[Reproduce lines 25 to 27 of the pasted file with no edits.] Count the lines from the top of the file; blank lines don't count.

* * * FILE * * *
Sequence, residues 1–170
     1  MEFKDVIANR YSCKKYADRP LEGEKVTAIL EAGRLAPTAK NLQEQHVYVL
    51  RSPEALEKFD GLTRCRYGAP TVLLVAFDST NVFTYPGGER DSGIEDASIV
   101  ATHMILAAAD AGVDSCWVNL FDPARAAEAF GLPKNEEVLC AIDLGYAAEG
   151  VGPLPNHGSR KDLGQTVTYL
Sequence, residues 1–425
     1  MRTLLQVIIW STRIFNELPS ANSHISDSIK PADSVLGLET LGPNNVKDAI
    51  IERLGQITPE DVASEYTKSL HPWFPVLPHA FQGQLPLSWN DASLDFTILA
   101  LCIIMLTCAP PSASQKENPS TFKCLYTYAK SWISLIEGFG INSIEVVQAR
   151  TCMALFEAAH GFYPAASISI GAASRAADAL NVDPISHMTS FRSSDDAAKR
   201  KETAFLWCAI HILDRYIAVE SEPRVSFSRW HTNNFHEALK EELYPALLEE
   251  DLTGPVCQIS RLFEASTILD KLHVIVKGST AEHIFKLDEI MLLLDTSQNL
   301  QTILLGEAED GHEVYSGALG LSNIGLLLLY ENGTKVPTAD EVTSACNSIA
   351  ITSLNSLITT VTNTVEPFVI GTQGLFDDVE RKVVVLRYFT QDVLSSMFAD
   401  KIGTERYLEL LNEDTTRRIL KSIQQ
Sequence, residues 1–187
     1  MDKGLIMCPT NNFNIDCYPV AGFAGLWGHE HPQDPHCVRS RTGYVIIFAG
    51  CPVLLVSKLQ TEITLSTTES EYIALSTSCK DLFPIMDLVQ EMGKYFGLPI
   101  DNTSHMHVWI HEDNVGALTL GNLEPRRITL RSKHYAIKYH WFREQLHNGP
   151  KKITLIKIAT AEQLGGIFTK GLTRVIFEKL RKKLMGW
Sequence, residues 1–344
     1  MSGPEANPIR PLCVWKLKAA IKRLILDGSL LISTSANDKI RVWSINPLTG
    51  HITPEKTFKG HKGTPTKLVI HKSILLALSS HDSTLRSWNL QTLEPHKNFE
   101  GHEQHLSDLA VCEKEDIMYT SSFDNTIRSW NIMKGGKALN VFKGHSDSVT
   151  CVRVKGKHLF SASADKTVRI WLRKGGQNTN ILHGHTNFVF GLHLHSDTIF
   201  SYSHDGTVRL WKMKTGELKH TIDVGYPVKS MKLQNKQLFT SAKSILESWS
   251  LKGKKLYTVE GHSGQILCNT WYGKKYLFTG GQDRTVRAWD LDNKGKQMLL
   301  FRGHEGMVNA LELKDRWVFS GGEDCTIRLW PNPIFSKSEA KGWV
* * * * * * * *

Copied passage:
   151  CVRVKGKHLF SASADKTVRI WLRKGGQNTN ILHGHTNFVF GLHLHSDTIF
   201  SYSHDGTVRL WKMKTGELKH TIDVGYPVKS MKLQNKQLFT SAKSILESWS
   251  LKGKKLYTVE GHSGQILCNT WYGKKYLFTG GQDRTVRAWD LDNKGKQMLL